• Have established clinical outcome benefits in patients with chronic heart failure (CHF) and post myocardial infarction (MI) patients with reduced LV ejection fraction; also effective in reducing LV hypertrophy and preserving kidney function
  • Are well-tolerated; most common side effect is dry cough (most common in women and among Asian and African patients) related to effects of bradykinin or prostaglandin metabolism
  • There is a risk of hypotension when starting treatment with ACE inhibitors in patients who are already on diuretics, or are on low salt diet or are dehydrated
    • For patients on diuretics, skipping a dose prior to starting ACE inhibitor may help prevent this sudden drop in BP
  • Should not be combined with angiotensin receptor blockers as their combination may have adverse effects on kidney function
  • Drug effects do not seem to have dose-dependent effects, except for hyperkalemia which may occur more frequently with high doses
    • Allows patient to initiate treatment using medium or even approved high doses


  • Reduce BP by blocking arterial alpha-adrenergic receptors, in effect, preventing the vasoconstrictor actions of these receptors
  • Less widely used as first-line agents due to limited evidence for their clinical outcome benefits
  • Are useful in treating resistant hypertension when used in combination with other agents such as beta-blockers, diuretics and ACE inhibitors
  • Are beneficial part of treatment regimens for older hypertensive men with benign prostatic hypertrophy
  • Have favorable effects on blood glucose and lipid levels

Angiotensin II Antagonists (also called Angiotensin Receptor Blockers or ARB)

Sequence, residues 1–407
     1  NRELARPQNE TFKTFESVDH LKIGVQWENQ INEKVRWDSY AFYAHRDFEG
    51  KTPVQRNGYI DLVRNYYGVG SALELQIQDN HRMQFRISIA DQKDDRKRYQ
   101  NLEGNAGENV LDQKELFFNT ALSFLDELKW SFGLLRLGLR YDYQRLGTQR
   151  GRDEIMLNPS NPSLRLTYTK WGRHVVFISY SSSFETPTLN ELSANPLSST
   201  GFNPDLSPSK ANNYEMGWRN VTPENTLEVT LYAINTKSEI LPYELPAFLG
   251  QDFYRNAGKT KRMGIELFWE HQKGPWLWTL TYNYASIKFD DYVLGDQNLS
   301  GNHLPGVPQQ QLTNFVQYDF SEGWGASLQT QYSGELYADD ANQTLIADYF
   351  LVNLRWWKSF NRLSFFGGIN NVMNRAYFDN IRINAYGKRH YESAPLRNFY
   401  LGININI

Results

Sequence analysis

• Act by blocking the action of angiotensin II on its AT1 receptors, preventing the vasoconstrictor effects of this receptor
  • Provide the same CV and renal benefits as ACE inhibitors
  • Should not be combined with ACE inhibitors as their combination may have adverse effects on kidney function
  • Are well tolerated; do not cause cough and only rarely cause angioedema
  • Drug effects do not appear to have dose-dependent effects
    • Allows patient to start with medium or even maximum approved doses
  • For patients on diuretics, skipping a dose of the diuretic prior to starting ARBs may help prevent sudden drop in BP


  • Beta-blockers have a long history in the treatment of hypertension
  • For patients without conditions warranting beta-blockade, beta-blockers should not be used as initial therapy
  • Drug of choice in patients with history of MI and heart failure
    • Useful in patients with effort angina, tachyarrhythmia and have been shown to reduce CV morbidity and mortality in post-MI patients and risk of exacerbations and mortality in patients with chronic obstructive lung disease